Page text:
English Electric Lightning T.5 XS417
Over the years, the Lightning has become one of the most loved jet fighter aircraft of all time. Developed during the late 40’s/early 50’s, the supersonic jet is still, to this day, the only all-British aircraft capable of Mach 2 flight and is well known for its high speed and climb rate.
The first flight of the aircraft took place in 1954 and it was introduced into RAF service in 1959 with whom it served until 1988. A number of changes were made to the aircraft over the years to improve its endurance – a major issue that faced the early models in their interceptor role. The Lightning also served with the Royal Saudi Air Force in the form of the F.52 and F.53 single seat variants (based on the RAF F.2 and F.6 models) along with the T.55 two seat trainer (based on the RAF T.5).
XS417 was built in 1964 and was the first production T.5 to fly finally taking its last flight on 18th May 1987. During its career it flew over 2600 hours serving with 226 OCU, 56 Squadron, 11 Squadron and the Lightning Training Flight (LFT). It is the scheme it carried during its time with the LTF that is currently worn having very recently completed a major exterior restoration project. The museum have also been trying to trace the operational history of the airframe and welcome any information from crew previously associated with it.
Gloster Meteor NF(T)14 WS739
The Gloster Meteor is of significant importance to British aviation history as the country’s first jet fighter. In March 1943 the first aircraft, developed by a partnership of Gloster Aircraft Company and Sir Frank Whittle’s Power Jets Ltd, took to the air and, 70 years later, a number still grace the skies of Britain both as display aircraft and functional test beds for ejection seat manufacturer Martin Baker.
Initially entering service with the RAF in 1944, the type saw combat action during World War II against the German V1 bombers whilst also helping to train bomber crews and protection aircraft in how to deal with faster, more modern, jet aircraft. The Meteor also served with a number of other air forces around the world including Argentina, Belgium, Egypt, Syria, France, Israel and Australia. In total, nearly 4000 were built with 11 main variants going into production covering fighter, photo reconnaissance and night fighter roles. A number of aircraft were also converted to target towing and target drone roles later in their life.
The museums Meteor NF(T)14 WS739 was built by Armstrong-Whitworth during 1953 and delivered to the RAF in 1954 serving under 25 Squadron based at RAF Tangmere, Sussex and RAF Waterbeach, Cambridgeshire. The NF14 variant was a development of the original NF11 night fighter and incorporated an Airborne Intercept radar. Carrying a crew of 2, it was the last major development of the type and featured a new canopy and longer nose. The NF(T)14 designation was applied to the aircraft during its conversion for use with the Air Navigation School as a navigational trainer for which purpose the radar was removed and replaced with a UHF radio. Serving with both No.1 Air Navigation School at Thorney Island and No.2 Air Navigation School at Stradishall, WS739 was eventually retired from flight and served as the gate guard at RAF Church Fenton from the late 1960’s to mid 1970’s before finally joining the museum at Newark in 1984.
SEPECAT Jaguar T2A XX829
The Jaguar was a result of an anglo-french joint project to design a jet trainer with a light ground attack capability to replace aircraft such as the Folland Gnat, Hawker Hunter and Fouga Magister. As part of this, SEPECAT (Société Européenne de Production de l’Avion d’École de Combat et d’Appui Tactique) was formed as a joint venture between the British Aviation Corporation and French aircraft manufacturer Breguet with the resulting first flight of the prototype completing in 1968.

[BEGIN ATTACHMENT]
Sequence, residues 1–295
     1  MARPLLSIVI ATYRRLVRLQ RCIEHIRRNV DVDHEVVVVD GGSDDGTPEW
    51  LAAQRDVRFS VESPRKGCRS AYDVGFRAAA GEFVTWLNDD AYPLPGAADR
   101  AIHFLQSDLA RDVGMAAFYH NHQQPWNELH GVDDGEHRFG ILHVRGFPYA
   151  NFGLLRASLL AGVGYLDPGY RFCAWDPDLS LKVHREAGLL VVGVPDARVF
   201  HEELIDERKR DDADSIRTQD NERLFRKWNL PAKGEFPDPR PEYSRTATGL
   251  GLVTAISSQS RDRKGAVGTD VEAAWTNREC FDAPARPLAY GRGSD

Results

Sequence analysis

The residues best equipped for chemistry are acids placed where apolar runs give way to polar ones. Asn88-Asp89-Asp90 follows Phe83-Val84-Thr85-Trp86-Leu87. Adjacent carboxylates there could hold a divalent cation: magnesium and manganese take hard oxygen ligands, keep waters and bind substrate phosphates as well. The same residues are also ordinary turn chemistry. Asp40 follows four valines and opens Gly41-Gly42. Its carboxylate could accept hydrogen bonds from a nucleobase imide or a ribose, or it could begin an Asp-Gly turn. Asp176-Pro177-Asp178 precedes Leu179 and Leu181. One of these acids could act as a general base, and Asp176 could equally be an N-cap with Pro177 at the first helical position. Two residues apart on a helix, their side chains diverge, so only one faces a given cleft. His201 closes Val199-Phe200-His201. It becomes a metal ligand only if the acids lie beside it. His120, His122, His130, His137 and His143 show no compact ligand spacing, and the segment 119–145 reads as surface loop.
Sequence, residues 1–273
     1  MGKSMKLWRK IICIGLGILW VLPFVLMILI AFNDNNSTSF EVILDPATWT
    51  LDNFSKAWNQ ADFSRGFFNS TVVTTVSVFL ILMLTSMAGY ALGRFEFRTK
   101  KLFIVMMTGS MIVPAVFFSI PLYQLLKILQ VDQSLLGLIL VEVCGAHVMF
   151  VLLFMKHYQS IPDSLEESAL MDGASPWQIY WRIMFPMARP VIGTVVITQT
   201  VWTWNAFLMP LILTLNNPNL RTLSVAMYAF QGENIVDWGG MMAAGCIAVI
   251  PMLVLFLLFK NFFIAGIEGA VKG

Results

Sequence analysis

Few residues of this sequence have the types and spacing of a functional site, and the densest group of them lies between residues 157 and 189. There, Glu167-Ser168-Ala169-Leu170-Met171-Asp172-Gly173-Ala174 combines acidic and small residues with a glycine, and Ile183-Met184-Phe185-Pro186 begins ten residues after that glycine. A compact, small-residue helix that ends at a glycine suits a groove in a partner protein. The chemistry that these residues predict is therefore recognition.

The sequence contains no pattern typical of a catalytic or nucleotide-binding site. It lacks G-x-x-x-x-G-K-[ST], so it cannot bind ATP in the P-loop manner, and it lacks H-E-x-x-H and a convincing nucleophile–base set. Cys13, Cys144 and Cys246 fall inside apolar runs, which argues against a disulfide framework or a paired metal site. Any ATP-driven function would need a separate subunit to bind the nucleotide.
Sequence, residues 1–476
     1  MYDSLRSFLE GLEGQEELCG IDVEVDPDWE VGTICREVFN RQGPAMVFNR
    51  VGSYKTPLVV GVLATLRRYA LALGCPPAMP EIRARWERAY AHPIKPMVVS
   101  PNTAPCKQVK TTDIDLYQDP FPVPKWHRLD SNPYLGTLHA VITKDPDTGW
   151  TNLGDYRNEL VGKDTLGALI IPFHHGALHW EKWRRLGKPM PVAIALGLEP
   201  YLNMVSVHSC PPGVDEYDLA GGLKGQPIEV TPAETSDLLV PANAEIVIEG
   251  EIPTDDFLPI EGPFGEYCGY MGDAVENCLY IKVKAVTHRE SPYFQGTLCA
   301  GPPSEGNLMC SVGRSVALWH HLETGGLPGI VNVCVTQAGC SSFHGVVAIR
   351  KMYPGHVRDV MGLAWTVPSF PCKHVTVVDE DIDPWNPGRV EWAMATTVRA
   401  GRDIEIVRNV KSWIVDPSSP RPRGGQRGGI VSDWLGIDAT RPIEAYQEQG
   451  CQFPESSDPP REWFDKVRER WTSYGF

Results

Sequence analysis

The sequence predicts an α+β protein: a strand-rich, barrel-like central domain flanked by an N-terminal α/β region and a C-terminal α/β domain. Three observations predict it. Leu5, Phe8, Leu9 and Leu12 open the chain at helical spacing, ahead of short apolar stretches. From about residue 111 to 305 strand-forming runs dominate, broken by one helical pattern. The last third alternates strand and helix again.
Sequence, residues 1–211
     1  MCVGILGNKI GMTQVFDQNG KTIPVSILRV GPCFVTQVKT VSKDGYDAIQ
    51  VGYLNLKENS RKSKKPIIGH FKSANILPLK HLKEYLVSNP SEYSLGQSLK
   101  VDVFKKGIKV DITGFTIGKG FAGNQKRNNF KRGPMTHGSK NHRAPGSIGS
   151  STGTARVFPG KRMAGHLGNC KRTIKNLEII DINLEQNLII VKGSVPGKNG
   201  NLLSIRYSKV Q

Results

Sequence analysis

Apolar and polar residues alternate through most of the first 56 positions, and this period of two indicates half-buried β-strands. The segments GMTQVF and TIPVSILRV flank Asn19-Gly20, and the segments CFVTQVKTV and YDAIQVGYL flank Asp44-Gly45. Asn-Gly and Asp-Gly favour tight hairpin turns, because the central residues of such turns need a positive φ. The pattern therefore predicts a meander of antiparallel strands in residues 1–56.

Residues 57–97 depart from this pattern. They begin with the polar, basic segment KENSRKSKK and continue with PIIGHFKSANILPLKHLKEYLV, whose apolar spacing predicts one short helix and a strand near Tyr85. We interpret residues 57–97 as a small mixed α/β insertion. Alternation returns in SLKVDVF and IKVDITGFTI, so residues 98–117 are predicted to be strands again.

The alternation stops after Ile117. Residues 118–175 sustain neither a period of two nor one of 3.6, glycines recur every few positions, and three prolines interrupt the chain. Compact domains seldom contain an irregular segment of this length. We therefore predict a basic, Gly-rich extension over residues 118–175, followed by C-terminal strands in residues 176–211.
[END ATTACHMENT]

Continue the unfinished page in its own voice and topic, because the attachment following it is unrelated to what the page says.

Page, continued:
Whilst the single seat variant because an all-weather ground attack fighter the two seat trainer also had secondary role of strike and ground attack. Predominantly in service with both the RAF and French Air Forces, the Jaguar has seen action in a number of conflicts including the Gulf War. Retiring from the RAF in 2007, the type is still in service with the Royal Air Force of Oman and the Indian Air Force with the latter currently undertaking an upgrade program to their fleet.
Newarks example, T2A variant XX829, was acquired by the museum in March 2012 from Everett Aero in Suffolk and was the first aircraft acquisition since the Saab Viggen arrived at the museum in 2006. The airframe is almost entirely complete with the exception of seats which, for the time being, have been fabricated from a garden chair and plywood mix.
During its military career, XX829 served with a number of Squadrons. Starting with 54 Squadron in December 1974 a month after its first flight, it also saw service with 6 Squadron, 226 Squadron (OCU) and 16(R) Squadron before being finally retired to RAF Shawbury in March 2001 and the aircraft currently wears the scheme of 54 Squadron.
With the draw of the Viggen and the restricted number of attendees, the shoot was a brilliant chance to get some very unique shots. If there was one small downside it would be the proximity of the lighting to the airframes which required careful composition if they were to be kept out of shot and was unavoidable with the lighting units available to the organisers. The addition of the re-enactors provided variation and photographic opportunities not seen at many other events of the type and the volunteers tried their hardest to remain as still as possible for the long exposures. Getting 45 minutes to shoot each aircraft was excellent and gave everyone more than enough time to slow down and think about the shots they wanted without being rush. Communication from the team was also excellent keeping everyone informed of evening’s proceedings and changes in poses, something that worked excellently with the small group that was present. Newark rarely hold these events (with the last being 2 years ago) but if the next is organised as well as this, it’s a day that has the potential for shots unlike any other.
AeroResource would like to thank Mick Coombes, Howard Heeley and the rest of the museum volunteers and re-enactors for their efforts at the event.